Robin Hinsch is a photographer on the go. Among other countries, his projects have taken him to Georgia, China, Syria and Senegal. He likes to get close to the action, photographing with artistic pretensions. His SAPAD project took him to a “military Achilles’ heel” in the east of Europe.
You headed to the Suwalki Corridor to photograph your SAPAD project. Can you describe the place briefly?
The Suwalki Corridor lies in the border area between Poland and Lithuania. At the east end it is connected to Belarus, and at the west to the Russian enclave of Kaliningrad, so it’s defined by four countries. The border between Poland and Lithuania is only sixty kilometres long, so the region really is like a corridor. While the border between the two EU countries can easily be crossed because of the Schengen Agreement, it is not so easy to pass over the borders to Russia and Belarus.
What was the atmosphere there like? Was it a dangerous place to be?
The atmosphere was very special. I took most of the pictures during the autumn and winter months. And in fact, this neglected and diffused mood was precisely what I was looking for. A number of analysts and military experts are going crazy wondering about the best way to defend this small strip of land; however, in doing so they only ever talk about a potential danger, where the possible adversary is only very vaguely defined. In fact, there is no particular danger in the corridor, which was also why it appealed to me.
Where did the idea to visit the area come from?
Following the Russian Federation’s so-called annexation of Crimea, military studies and analyses, above all by NATO, appeared repeatedly in the media, turning the Suwalki Corridor into one of the potentially most militarily explosive regions in Europe. At the time of the imminent European elections, I was thinking about the shift to the right and the ecological miseries in Europe, and I found my thoughts kept on returning to this – metaphorically speaking – European Achilles’ heel. I wondered what the real dangers to our integrity and future might be. From there, I got the idea of using this special place as a kind of starting point for an aesthetic, speculative analysis of Europe.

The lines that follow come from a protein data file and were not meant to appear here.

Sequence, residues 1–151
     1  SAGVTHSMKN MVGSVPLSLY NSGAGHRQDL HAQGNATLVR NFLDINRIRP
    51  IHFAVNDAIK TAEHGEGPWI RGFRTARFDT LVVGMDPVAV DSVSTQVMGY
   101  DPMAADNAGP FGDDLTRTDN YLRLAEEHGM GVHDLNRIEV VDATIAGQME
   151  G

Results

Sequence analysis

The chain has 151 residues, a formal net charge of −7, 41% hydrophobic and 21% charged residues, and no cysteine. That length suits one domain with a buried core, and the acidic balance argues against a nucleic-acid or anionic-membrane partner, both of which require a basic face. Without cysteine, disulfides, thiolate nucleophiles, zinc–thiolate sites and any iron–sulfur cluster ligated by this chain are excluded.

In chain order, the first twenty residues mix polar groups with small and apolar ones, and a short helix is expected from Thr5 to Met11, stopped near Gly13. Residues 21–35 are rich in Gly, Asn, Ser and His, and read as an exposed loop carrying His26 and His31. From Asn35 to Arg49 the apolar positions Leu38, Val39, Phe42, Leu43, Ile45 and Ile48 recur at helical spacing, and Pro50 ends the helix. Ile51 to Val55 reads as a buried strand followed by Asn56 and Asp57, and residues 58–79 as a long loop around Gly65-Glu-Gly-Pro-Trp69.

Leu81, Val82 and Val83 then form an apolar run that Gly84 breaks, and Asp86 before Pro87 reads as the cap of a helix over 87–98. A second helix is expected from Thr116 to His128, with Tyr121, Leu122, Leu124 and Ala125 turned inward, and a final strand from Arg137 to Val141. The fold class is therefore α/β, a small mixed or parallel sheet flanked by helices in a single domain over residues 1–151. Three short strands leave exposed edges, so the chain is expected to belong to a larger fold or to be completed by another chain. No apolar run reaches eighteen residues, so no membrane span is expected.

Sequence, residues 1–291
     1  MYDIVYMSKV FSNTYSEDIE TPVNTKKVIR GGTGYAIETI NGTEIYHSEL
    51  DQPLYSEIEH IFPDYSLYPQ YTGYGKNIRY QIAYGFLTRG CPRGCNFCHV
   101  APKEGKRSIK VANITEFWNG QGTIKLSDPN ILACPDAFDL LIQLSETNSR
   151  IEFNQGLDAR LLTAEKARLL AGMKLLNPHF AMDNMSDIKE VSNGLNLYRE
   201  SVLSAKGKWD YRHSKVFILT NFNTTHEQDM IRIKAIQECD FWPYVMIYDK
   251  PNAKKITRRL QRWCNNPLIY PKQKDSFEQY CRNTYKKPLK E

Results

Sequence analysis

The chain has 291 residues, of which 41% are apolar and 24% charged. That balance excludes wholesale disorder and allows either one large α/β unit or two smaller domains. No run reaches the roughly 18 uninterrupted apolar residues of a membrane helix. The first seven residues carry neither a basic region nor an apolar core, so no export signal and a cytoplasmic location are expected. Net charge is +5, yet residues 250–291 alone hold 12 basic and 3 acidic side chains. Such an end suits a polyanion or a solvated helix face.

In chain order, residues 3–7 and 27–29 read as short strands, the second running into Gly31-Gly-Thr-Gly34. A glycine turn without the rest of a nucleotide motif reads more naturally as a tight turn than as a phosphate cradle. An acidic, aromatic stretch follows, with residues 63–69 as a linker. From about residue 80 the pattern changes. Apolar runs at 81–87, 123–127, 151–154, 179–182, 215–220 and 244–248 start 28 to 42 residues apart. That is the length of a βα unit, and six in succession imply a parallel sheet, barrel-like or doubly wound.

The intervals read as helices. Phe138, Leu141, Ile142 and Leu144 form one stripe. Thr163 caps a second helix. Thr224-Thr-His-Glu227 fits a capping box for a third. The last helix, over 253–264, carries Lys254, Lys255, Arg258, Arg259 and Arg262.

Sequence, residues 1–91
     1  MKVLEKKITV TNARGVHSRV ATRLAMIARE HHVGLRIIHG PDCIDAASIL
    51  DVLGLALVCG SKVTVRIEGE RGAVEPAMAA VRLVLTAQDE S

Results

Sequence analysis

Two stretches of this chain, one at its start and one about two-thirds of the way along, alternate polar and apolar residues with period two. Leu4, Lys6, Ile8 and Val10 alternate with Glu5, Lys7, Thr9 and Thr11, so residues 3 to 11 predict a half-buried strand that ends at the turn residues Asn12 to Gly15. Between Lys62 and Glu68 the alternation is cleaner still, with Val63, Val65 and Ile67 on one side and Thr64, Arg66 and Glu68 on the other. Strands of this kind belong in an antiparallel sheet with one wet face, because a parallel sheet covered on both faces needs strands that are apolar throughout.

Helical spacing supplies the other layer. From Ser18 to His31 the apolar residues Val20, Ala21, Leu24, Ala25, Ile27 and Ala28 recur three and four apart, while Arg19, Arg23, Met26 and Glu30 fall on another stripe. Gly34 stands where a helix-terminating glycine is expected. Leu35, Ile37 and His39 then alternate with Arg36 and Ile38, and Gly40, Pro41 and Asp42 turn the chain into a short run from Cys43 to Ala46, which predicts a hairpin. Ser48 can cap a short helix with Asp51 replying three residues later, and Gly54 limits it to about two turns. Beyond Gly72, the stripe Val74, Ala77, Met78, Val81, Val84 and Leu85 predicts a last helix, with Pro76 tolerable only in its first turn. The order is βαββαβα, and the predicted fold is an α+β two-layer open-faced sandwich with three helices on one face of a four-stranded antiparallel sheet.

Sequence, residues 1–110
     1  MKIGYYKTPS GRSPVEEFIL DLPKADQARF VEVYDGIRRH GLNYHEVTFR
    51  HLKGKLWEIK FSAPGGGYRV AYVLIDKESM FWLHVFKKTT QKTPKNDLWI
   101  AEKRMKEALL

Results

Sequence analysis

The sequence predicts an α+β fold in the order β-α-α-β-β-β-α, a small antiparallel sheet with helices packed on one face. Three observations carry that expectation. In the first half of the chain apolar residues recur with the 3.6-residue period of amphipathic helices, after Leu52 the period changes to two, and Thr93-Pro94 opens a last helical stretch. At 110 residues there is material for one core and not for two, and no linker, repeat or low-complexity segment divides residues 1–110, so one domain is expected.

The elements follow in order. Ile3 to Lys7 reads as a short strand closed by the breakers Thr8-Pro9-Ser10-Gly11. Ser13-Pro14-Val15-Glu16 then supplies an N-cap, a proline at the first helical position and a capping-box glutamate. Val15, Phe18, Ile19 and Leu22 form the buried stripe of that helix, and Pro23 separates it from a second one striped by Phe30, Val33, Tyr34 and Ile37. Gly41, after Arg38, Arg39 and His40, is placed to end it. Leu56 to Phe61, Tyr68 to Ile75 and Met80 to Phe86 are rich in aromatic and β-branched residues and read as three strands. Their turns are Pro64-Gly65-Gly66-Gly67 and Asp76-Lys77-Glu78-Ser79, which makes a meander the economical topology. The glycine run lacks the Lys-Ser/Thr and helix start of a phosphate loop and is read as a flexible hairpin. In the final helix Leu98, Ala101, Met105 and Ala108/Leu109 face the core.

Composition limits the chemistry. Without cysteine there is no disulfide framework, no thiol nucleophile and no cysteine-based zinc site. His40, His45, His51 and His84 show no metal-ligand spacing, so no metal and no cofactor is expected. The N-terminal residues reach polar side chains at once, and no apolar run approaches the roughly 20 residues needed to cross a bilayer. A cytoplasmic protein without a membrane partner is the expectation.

How long did you stay there and what criteria did you follow when selecting the motifs?
I was in the region a number of times, so I can say that it was at least a couple of weeks for sure. The work deals broadly with themes such as nationalism and migration. Based on this thematic approach I looked for images that might instigate some reflection on these matters.
Your photos are primarily still-lifes, where we see no people. Why?
People are, of course, very important to me; but in this body of work they play a passive role. The project deals with changes of perspective and deferrals, and continuously tries to challenge the viewer to consider new things. The photographs aim to draw the attention towards one’s own person, rather than aiming to look at other people. The intention is to provoke the viewer into taking a look at his or her own possibilities and inadequacies – not to mention their own mistakes.
Have there been photo series that inspired you with this idea?
Not directly, but there are artists who inspire me, of course. These are people like Lee Miller, Gregory Halpern or Sam Contis, for example.
What message do you want the viewers to take home from your pictures?
Danger is often found inside rather than outside.